When it comes to buying or selling your home, what you don’t know can cost you — literally.
Whether it’s not doing your research or getting too emotionally involved, making the wrong choices can wind up costing you tens of thousands of dollars.
To avoid this fate, check this list of 15 of the biggest real estate mistakes made by both buyers and sellers — and make sure you don’t commit any of them.
On the buying side
Not researching the neighborhood: Is this some place you really want to live? What amenities are nearby? How is the school district? What does the traffic and street activity look like when you drive by it at different times of day, like Sunday morning and Monday evening rush hour?
Not getting an inspection: This is one of the biggest investments you’ll ever make, and you’ll be living with it for years to come. Don’t pinch pennies — shell out $400 for an inspection. Make sure you know exactly what you’re signing up for.
Buying (or not buying) based on the decor: Paint color can be changed. Tiles and cabinets can be changed. What you want to look at are the bones of the house. Will it meet your needs? Does it flow well? Does it have enough space?
Buying the priciest home on the block: Hate to break it to you, but the most expensive home on the block isn’t a good deal. It will only depreciate over time, and you could have trouble selling it when buyers can see plenty of more reasonably priced options in the same neighborhood.
Being unrealistic with your budget: Just because you qualify for a $250,000 mortgage, that doesn’t mean you can afford it, especially when you factor in the other costs that come with homeownership. Be real and only look at houses you can realistically afford.
Being unrealistic about your DIY abilities: Will you really (truly) want to tear down that wall to make a master suite or gut the entire kitchen to make it work for you? Don’t let too much HGTV and delusions of grandeur drive you to buy an ongoing project you’ll regret taking on.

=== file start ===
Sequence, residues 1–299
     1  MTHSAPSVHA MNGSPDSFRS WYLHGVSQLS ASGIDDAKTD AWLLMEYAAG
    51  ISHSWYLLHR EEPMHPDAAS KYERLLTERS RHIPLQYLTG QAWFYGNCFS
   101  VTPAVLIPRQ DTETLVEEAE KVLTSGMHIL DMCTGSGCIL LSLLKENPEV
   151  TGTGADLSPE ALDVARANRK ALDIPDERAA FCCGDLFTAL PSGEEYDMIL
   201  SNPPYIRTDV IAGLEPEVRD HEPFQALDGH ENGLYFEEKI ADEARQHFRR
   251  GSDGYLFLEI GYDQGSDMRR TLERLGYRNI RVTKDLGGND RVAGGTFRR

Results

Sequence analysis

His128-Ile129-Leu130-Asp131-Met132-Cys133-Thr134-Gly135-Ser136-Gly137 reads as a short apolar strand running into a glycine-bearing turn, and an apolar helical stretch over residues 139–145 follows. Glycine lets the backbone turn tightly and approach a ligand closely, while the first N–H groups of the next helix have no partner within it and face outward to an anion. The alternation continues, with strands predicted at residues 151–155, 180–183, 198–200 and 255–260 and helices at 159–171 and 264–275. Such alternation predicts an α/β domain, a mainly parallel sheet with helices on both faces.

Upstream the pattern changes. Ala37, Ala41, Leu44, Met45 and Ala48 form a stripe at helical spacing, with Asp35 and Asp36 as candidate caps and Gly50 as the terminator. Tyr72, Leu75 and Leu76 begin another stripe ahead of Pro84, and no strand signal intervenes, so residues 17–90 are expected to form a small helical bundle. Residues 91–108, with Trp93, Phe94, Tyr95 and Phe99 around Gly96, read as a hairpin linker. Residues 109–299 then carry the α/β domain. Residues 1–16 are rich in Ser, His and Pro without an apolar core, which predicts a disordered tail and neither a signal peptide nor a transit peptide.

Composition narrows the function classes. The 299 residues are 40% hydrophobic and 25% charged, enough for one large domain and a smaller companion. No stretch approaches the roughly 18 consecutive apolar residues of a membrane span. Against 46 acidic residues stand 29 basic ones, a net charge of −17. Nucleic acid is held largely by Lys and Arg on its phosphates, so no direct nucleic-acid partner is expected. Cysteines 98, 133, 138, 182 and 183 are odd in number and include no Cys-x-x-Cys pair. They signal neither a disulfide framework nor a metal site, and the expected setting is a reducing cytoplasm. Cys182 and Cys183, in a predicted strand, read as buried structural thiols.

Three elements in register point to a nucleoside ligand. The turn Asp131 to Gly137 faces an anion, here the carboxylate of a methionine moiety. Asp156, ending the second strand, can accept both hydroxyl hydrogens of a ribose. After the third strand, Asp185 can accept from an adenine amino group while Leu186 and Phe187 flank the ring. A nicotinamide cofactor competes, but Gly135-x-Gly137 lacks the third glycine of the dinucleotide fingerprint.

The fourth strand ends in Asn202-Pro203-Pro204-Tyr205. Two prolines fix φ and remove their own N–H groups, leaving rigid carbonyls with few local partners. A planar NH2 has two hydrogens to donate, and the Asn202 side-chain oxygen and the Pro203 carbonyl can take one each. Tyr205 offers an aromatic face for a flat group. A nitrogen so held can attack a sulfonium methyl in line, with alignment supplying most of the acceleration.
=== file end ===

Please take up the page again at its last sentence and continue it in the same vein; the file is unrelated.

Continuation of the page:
Making a tiny down payment: If you can’t put down 20%, you’ll face private mortgage insurance (aka PMI) payments and a higher monthly mortgage payment overall. It may be worth saving up for an extra year or two to reduce your long-term costs.
Buying when you’re not ready: Are you ready financially (like having that decent down payment) — but also, are you ready emotionally? Are you sure you want to stay in this area for years? Does your income feel stable? Are you prepared to take on all that yard work and the repairs you avoided as a renter?
Flick / Richard Smith
On the selling side
Not keeping resale in mind when renovating: The custom changes that make your house work better for you may not appeal to potential buyers. Not everybody loves that bright green paint color — no matter how much you personally adore it. Make sure any big changes you make will increase, rather than decrease, your home’s value.
Sticking around during the open house: No one wants the current homeowner hovering over them as they tour the house — it’s a lot of added pressure and can prevent them from giving the honest feedback that could ultimately help you sell your home. Go out for lunch and let your Realtor handle showings.
Waiting to list til warmer weather: Yes, most people house hunt in the spring and summer, but that’s also when most people list their homes. List yours when it’s available and you’ll reach those buyers who need a home now and aren’t finding much on the market.
Setting the price too high: What your home is worth to you and what it’s worth on the current market can be vastly different. Take a good look at comparables in your area and make sure you’re being realistic about your home’s value.
Not doing enough marketing: Just putting up a “for sale” sign isn’t enough. Talk with your realtor about other options, like online listings with virtual tours to attract buyers who aren’t looking in the classifieds.
Not getting a real estate agent: Unless you’ve had plenty of prior experience, going the “for sale by owner” route is probably not a smart bet. Realtors can give you crucial insights, marketing advice and, most importantly, can get your property on the multiple-listing service (or MLS), which gets it in front of other agents. (You can, however, hire a “discount agent” who will just list your property on the MLS but offer little advice. Not recommend for first-timers.)
Not staging your house: You need to help buyers envision themselves in your home. This includes removing any clutter and overly personal items (like family photographs) and making sure furniture flows well and demonstrates the purpose of each room.